CULTURE

Rays of light amid the darkness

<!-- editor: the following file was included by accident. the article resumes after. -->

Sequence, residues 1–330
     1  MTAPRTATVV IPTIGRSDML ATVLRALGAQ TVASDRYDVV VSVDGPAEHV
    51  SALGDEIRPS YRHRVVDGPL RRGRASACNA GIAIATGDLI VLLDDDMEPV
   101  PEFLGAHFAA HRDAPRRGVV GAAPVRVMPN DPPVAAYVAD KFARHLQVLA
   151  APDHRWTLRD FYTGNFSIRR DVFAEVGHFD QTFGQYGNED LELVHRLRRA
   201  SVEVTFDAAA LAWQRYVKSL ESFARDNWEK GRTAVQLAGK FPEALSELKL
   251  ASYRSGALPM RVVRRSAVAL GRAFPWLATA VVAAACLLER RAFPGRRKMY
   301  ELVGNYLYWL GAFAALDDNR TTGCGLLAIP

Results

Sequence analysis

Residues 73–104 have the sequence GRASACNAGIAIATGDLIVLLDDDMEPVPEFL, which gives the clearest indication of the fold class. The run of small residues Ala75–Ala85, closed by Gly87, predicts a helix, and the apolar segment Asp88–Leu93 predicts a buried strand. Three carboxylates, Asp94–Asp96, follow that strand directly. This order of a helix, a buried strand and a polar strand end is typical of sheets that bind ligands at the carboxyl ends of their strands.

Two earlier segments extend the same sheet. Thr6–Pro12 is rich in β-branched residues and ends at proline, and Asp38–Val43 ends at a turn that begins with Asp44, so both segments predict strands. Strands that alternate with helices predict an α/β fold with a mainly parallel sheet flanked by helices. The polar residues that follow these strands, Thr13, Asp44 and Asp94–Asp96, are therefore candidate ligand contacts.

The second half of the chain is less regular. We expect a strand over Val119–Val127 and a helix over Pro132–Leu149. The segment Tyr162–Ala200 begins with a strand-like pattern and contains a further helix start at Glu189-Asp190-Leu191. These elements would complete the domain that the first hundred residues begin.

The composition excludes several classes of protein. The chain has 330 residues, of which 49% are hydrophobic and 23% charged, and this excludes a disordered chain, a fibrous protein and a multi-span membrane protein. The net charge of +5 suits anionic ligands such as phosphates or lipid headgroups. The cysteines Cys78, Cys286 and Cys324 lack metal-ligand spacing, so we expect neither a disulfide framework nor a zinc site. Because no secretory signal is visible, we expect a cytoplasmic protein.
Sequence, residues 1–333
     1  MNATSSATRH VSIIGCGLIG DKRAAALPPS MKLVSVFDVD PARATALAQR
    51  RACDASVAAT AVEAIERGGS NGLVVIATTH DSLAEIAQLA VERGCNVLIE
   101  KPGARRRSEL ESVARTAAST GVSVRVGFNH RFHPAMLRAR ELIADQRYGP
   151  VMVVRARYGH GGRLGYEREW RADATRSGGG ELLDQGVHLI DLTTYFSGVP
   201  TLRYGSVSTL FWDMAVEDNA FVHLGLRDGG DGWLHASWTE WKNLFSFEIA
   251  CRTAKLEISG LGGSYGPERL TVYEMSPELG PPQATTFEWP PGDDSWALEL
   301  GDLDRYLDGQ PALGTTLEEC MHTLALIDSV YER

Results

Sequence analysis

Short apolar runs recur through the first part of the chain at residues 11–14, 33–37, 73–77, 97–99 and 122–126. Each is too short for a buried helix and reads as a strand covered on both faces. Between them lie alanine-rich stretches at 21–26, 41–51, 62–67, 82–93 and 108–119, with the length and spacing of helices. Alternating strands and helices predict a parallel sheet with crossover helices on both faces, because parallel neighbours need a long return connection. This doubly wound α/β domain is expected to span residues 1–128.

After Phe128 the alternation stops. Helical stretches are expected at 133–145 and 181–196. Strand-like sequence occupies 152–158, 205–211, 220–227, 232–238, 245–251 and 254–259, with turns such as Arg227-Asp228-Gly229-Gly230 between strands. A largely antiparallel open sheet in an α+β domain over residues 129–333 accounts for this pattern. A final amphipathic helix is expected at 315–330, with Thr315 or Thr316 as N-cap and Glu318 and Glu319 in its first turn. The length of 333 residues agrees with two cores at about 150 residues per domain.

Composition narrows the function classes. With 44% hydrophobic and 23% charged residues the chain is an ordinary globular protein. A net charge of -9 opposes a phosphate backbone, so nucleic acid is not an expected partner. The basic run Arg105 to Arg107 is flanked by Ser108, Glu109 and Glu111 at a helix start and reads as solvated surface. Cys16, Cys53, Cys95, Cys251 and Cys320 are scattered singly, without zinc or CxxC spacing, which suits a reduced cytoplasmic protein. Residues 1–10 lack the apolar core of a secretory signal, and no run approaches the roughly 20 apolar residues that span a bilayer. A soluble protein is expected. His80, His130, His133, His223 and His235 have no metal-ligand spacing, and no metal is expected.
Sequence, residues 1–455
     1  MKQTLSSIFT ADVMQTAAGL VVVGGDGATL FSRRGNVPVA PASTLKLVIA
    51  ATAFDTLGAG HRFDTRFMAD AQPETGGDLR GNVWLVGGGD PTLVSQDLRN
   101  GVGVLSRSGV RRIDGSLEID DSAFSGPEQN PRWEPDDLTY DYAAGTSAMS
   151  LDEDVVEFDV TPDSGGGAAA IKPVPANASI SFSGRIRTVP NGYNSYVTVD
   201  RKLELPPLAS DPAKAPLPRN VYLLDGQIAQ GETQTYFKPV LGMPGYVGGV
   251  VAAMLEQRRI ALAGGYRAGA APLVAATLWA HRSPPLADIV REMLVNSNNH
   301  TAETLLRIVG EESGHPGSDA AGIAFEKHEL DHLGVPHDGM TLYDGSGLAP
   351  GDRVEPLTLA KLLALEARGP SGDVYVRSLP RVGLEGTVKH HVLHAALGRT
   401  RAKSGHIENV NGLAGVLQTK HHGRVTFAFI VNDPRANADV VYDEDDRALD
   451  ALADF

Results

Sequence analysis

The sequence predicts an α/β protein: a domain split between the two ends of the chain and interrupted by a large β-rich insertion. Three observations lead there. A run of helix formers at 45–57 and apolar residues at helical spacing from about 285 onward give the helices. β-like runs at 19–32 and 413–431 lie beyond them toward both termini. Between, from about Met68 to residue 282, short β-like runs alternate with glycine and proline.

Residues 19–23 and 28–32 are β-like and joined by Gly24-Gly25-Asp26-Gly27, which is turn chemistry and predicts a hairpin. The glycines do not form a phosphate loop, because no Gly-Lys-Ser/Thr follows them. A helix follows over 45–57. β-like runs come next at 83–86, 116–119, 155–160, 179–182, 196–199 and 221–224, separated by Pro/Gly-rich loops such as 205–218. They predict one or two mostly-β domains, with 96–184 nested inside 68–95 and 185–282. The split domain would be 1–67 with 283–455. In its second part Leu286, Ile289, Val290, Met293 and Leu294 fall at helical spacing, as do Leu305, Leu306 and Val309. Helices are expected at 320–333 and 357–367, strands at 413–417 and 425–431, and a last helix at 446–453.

The interview was scheduled for September 11, at 2.30 p.m. local time. Sure enough, Barry Adamson, that wretched and beguiling artist known as the «dark prince of soundtracks» was at the other end of the line. This Saturday, Adamson and his six-member band, the Barry Adamson Experience, will perform at the capital’s brand-new concert venue, Gagarin 205 (205 Liosion St) – close to the Attiki train and metro station – hot on the heels of a new album release, «The King of Nothing Hill.» After rehearsing both new and older material with his band ahead of the visit, Adamson, who rarely commits himself to the stage, did not hide his enthusiasm about the upcoming gig in Athens. A singer, songwriter, composer of soundtracks and lyricist, this melodic gangster of an artist who hails from Manchester started his musical career back in the late 1970s with the influential local band Magazine before joining Nick Cave’s backing band, the Bad Seeds, in 1984 for a four-album tenure. He departed in 1987 to pursue a solo career which has included soundtracks for films by Derek Jarman («Last of England») and David Lynch («The Lost Highway»). Now, Adamson is on the road to Athens for his first show here as a solo artist. Hello, I’m looking for the King of Nothing Hill. Do you know where I could find him? It’s me. You’ve found him. He’s at the other end of the line. You’ve written all the songs on the new album, and are also credited for the arrangements, production, singing, guitar, bass, and you’ve even designed the album’s cover. Really, is there anything you cannot do? Give me some time to think. The only thing I can’t do is play strings. I feel out of place. How dark is the texture of your music this time? In my lyrics, at least, the color black is predominant. But the overall message I seek to convey is that we should not surrender to pessimism. I may also be addressing people through personal experience. I’ve found myself in difficult circumstances during my life and believe that the easiest solution is to get carried away and surrender. I’d like to believe that, with time, my music’s become more luminous. With every new album I make, I try to add an extra ray of light. In a few days’ time, you’ll be bringing your light to Athens. What else will you be bringing? I’ll try and bring over the atmosphere I experience on a daily basis outside my home, in neighborhoods, on the road, when I open the window and take a look outside. How much does the sound of an album differ from the result on stage? What fascinates me is the fact that a more spontaneous and direct response can be created. For some reason, when you prepare an album, everything is cooked up in the studio. But when you take the stage «naked,» you can become a little more risque. You even have the freedom to make mistakes. I sense scenarios behind the songs. Do you consider yourself both a director and narrator? When I feel the need to say something, I open my mouth to explain a few things. At the concert, I’ll definitely feel the need to share some ideas with the audience, without providing answers. I don’t try to be smart. Following your collaborations with Derek Jarman and David Lynch, have you perhaps become bored with writing music for films by others? Has the time perhaps come for you to begin directing your own films? Yes, definitely. It’s something that interests me greatly. But I haven’t yet finished with music. I think I’ll first try and exhaust this domain. And this point is probably approaching… I’ve grown tired of putting together an album and then presenting it. I’m becoming increasingly sure of myself as a storywriter, I’m acquiring greater confidence in it, and, at the same time, feel an intensifying urge. Autobiographical elements exist in imagery. Doesn’t that frighten you? There’s a rule in film: Only write about what you know. Because anything else may seem alien. So I’m not afraid to put myself under the microscope. I use myself as raw material in order to give life to a certain type of human being. But I also observe others and take note of their actions. I think it’s a part of your job when you’re involved with film. I don’t mind revealing myself, nor is it the time to feel shame. I want to share my experiences as a way of exorcising them. Is there at least one person in the world capable of understanding what’s hidden behind the words – whether you’re telling the truth or lying? Sure. We’re in it together – friends, relatives, associates; and we have a good time. They see me every day, they know me well. My children are the strictest critics. Every now and then they come up to me and say: «Dad, you’re so stupid. You’re crazy, Goddamn crazy.» And they have a point. Do you consider what you do to be a type of psychoanalysis? Absolutely, yes. It’s another rule I learnt in film. From Scorsese’s «Taxi Driver,» as well as Hitchcock. I recently read a book about the element of guilt in film and learnt that one should not overdo it, because he or she will be discovered sooner or later. This [new] record is a study on guilt. There’s also the poetry. «Life is cheap but toilet paper is expensive,» you say. What do you mean by this? I’m referring to values. About all the things we take for granted in life – all the things we should value in a different way. I’m not afraid of falling short of ideas. Discounting the music, however, does frighten me. What else frightens you? What’s your greatest fear? There is nothing that frightens me more than fear itself. I’ve suffered from many phobias in the past. So many that I’d feel a burden on my chest. Eventually, I realized there was nothing there. I could say I’m afraid of spiders and snakes, but the more you let phobias dwell inside you, the more they thrive. A year after the September 11 attacks, could you say that you travel with the same amount of ease as in the past? I travel frequently. The truth is that I haven’t been to America over the past year. I do want to go but feel a little frightened, not because of the terrorists but the color of my skin. What frightens me is how others can judge me. There’s a whole story behind that, especially in America. Something recently happened to a friend and I wouldn’t want to go through the same. But, ultimately, what scares me most is the idea of revenge. I know it’s a huge mountain which we must all climb together, but nobody seems to understand the reasons behind all the things we see on the news each day.